IndustriALL sets out union goals for decent work in the battery supply chain, organizing in Green Tech

By Elizabeth Perry - Work and Climate Change Report, November 20, 2020

IndustriALL Global Union represents workers along the entire battery supply chain, (except in China) through its international affiliates in mining, chemicals, energy, electronics, and the automotive sector. Canada’s Unifor is an affiliate. “Due diligence across the battery supply chain” (November 2020) describes that expanding and complex supply chain, from mining to processing to end-use products for batteries, and outlines the union’s aim to research and map it. IndustriALL’s aim is to “create a social dialogue scheme or platform with key stakeholders to achieve decent work for all throughout the supply chain. IndustriALL is the only global union who can coordinate unions around the world and contribute to the policy to achieve decent work around the battery supply chain. The international trade union movement becomes more important than ever. ” A separate post, “Developing a global trade union battery supply chain strategy” ( November 20) outlines further specifics about the union’s strategy and announces: “IndustriALL has applied for funding for a project starting in January 2021 on the battery supply chain across the industrial sectors. In a pilot project IndustriALL intends to collaborate with companies, NGOs and other associations to find out how such an approach can help to genuinely improve the situation workers along the entire battery supply chain.”

GreenTEch Manifesto for Mechanical Engineering

IndustriALL Global Union convened an online seminar on green technology in the mechanical engineering sector in early November 2020 – summarized here. The seminar was the occasion to launch a GreenTech Manifesto, which defines “Green technology” (GreenTech ) as “ any technology that promotes one or more of the 17 Sustainable Development Goals adopted by the UN summit in 2015, specifically clean water and sanitation, affordable and clean energy, green industry, innovation and infrastructure, responsible consumption and production and climate action.”

At a previous IndustriALL workshop on Mechanical Engineering and GreenTech in December 2018, the President of Austrian trade union PRO-GE and co-chair of the sector, said: “As mechanical engineers and trade unionists, technology is the most important contribution we can make to mitigating climate change. We need hydro, we need wind, we need solar, we need biomass. And we need strong unions to ensure that energy transition is just.”

The new Greentech Manifesto states: “IndustriALL Global Union and its affiliates need to be alert and present so that green jobs become good jobs with appropriate working and living conditions. To this end the participants at this IndustriALL Global Union GreenTech virtual workshop resolve to: § facilitate exchange between affected affiliates in the sector over new trends, especially focusing on GreenTech, digitization and related developments § organize training for trade union organizers and works councils to develop new methods, strategies and services to approach and recruit new employees at green workplaces § involve especially young workers and women in our work § intensify our efforts to increase trade union power in the affected sectors through organizing and recruiting.”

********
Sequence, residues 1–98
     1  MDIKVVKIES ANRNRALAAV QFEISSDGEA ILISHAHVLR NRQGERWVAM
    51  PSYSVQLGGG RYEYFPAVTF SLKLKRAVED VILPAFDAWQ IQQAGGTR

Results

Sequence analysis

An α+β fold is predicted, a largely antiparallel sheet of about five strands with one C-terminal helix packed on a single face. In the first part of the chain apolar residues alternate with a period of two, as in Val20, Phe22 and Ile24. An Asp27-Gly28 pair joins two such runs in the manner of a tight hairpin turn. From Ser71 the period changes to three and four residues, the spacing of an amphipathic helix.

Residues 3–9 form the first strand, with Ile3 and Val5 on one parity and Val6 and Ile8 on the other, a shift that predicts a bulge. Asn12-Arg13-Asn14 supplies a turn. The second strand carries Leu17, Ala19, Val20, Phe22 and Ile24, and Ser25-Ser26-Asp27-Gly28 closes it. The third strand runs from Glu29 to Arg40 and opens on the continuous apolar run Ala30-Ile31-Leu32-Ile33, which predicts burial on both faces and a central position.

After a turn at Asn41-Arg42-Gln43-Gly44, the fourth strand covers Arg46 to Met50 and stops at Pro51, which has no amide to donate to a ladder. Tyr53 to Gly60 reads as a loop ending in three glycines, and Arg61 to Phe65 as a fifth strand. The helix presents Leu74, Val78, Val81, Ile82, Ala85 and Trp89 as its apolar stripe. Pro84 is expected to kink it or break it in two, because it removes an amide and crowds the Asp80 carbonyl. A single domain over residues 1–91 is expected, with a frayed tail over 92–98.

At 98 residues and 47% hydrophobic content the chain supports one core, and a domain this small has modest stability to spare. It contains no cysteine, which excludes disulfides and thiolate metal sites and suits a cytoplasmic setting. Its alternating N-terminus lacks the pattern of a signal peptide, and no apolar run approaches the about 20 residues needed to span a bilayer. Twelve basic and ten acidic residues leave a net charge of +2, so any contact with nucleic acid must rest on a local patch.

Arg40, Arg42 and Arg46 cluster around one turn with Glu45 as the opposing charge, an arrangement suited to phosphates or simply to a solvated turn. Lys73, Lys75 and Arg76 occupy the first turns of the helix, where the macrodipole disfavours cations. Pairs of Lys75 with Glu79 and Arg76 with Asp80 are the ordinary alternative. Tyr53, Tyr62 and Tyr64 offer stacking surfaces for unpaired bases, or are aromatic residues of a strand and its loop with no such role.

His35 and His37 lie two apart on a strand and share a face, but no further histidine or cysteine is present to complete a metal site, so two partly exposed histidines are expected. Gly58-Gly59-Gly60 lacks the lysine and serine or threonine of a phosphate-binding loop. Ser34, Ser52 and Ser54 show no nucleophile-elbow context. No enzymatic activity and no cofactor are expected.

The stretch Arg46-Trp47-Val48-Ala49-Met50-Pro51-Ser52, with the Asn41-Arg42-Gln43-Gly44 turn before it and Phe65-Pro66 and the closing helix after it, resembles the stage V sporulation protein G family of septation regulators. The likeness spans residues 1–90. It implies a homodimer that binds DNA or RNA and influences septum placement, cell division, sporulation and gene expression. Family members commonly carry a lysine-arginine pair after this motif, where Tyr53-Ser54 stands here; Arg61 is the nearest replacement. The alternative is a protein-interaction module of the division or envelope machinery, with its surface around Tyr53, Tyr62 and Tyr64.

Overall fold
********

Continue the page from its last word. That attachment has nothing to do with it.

Resilient Societies or Fossil Fuel Bailouts?

By staff - Oil Change International - April 22, 2020

The COVID-19 crisis poses a threat to people’s health, their jobs and their lives, and like all crises, exacerbates already existing inequalities. Trillions in public finance will be needed to get through the current pandemic. This briefing outlines why continuing to rely on fossil fuels, in particular oil and gas, is not compatible with long-term recovery. It does not make sense to use the COVID-19 stimulus packages to try to revive a sunsetting industry which will not deliver on economic recovery, only to shut it down a few years later to meet climate goals.

Governments now face a choice: fund a just transition away from fossil fuels that protects workers, communities, and the climate — or continue funding business-as-usual toward climate disaster. Governments should invest in a green recovery that protects and creates long lasting jobs, resilient economies and accelerates climate action. This briefing details why this is the most effective route for recovery and lays out the dos and don’ts for governments in their response to the current crisis.

Key Recommendations (DO’s):

  • Ensure national and international equity and a just transition is at the heart of any government response to the current crisis.
  • Protect workers and communities affected by the crisis, including those in the oil and gas sector, and create long-lasting green jobs by investing in resilient infrastructure and emerging low carbon industries that will continue to create jobs for decades.
  • Ensure Green New Deal frameworks provide the basis for stimulus packages to help rewrite the social contract in a people-centered response to the current crisis.